We smelled fresh coffee and pecan pie at Rachel Lee Hovnanian’s MUD PIE exhibition, but found out they are all manufactured in a chemist’s lab, not a kitchen. In the interactive exhibition, at Leila Heller Gallery (through June 2), Rachel asks, “What’s real, what’s not?” Everything is beautifully fake, including the flowers — metal floral sculptures. We asked Rachel, photographed here in front of Gates of Narcissus series, about it all….
What inspired Mud Pie?
Sitting on the ground in my backyard making mud pies as a child in Texas, swallowed up in the world of make believe. I recall the smell of pie in my mother’s kitchen — she’s a gourmet cook and ran a cooking school. The smells of mud pie and apple pie all at once trigger powerful memories. I recall fresh-cut flowers and my mother’s garden, and in the summer I kept fireflies in a jar — my first neon memory. For MUD PIE, I created a dream-awake state, a narrative beginning with my early childhood and finishing informed by the world of technology.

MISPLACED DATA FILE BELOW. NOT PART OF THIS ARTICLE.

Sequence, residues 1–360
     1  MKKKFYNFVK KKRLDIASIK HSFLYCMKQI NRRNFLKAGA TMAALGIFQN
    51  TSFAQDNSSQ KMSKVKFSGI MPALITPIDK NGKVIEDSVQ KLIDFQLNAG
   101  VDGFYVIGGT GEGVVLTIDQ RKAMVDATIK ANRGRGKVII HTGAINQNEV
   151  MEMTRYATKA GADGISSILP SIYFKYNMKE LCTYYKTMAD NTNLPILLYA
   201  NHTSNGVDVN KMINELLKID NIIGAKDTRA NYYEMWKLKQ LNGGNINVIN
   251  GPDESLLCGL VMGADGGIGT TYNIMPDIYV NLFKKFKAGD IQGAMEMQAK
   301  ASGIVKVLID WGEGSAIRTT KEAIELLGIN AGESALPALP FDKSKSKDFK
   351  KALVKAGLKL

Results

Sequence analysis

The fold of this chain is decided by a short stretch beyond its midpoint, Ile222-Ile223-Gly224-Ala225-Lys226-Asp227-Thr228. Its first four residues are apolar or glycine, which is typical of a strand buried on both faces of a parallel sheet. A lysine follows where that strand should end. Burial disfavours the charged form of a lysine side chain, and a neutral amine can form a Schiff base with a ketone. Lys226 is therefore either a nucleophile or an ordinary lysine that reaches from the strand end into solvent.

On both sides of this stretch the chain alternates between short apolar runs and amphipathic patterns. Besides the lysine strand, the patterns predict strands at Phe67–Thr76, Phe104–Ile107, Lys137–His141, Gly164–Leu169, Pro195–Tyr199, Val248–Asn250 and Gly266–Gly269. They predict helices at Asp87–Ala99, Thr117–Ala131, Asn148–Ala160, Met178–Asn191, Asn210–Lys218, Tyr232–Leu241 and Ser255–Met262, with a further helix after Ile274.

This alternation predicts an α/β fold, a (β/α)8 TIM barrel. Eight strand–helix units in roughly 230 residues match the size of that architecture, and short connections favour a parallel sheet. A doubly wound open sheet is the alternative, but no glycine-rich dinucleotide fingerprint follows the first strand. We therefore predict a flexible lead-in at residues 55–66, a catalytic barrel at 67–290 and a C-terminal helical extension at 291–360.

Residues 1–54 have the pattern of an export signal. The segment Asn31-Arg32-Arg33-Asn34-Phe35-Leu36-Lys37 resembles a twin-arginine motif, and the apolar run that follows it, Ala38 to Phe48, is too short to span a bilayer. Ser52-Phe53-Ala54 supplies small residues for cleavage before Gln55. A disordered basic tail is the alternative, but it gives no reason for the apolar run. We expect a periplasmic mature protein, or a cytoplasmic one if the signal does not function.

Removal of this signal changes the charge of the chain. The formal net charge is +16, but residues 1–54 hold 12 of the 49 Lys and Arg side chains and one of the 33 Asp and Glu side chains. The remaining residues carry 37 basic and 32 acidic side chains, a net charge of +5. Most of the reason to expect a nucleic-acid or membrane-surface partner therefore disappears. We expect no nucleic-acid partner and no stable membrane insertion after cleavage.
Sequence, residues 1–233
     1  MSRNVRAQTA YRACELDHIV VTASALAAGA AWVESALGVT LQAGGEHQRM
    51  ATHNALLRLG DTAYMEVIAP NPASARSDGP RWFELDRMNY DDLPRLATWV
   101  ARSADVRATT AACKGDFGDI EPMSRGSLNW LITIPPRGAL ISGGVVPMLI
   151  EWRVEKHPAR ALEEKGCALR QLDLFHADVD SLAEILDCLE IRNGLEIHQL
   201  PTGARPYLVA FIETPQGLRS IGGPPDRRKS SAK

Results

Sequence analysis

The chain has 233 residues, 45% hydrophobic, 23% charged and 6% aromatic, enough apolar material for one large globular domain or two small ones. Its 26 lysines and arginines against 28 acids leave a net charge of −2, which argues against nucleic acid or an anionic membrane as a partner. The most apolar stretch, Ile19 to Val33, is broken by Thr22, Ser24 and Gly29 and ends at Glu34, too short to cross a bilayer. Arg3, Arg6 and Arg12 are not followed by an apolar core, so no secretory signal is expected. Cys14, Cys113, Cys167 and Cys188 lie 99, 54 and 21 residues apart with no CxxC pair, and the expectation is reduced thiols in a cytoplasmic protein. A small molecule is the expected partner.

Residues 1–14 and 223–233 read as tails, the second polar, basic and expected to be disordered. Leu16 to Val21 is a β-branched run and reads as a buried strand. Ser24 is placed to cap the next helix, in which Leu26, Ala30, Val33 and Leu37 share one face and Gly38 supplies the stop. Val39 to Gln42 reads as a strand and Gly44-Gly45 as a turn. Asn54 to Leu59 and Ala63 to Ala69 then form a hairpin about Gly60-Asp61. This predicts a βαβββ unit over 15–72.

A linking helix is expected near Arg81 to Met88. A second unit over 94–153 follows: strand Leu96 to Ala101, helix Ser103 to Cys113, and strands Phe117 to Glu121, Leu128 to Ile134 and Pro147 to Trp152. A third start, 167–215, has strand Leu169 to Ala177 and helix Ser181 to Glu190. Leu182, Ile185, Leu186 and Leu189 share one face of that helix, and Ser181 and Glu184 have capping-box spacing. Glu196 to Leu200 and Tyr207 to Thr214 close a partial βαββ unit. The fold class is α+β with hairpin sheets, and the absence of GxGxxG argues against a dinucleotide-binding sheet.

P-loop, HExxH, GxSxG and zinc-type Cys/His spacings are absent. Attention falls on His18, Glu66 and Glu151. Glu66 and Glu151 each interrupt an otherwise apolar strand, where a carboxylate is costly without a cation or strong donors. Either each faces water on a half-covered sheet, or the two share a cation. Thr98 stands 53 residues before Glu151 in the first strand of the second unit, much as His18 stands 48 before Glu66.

If you owned one piece of another artist’s work, what would it be and why?
I enjoy the music of Freddie Hubbard, Joao Donato, Chico Buarque and recently Scorcese’s documentary Surviving Progress, together this work inspires me.
Tell us about the Gates of Narcissus panels….
These metal panels are extremely seductive and very large. Thousands of hand sculpted metal narcissus flowers are attached to industrial sheets of steel. We stare into the idealized surrogate image — we easily lose ourselves. We are warned of the tragic fate of Narcissus!
More to explore in Culture
- Culture 12.12.18 To Visit: Miró Exhibit, Grand Palais
- Culture 12.6.18 To Read: The Wes Anderson Collection
- Culture 11.26.18 To Visit: Andy Warhol at The Whitney Museum of American Art
- Culture 11.12.18 Spotlight On: Illustrator Maddie Edgar
- Culture 11.7.18 Spotlight On: Grand Central Terminal’s Celestial Ceiling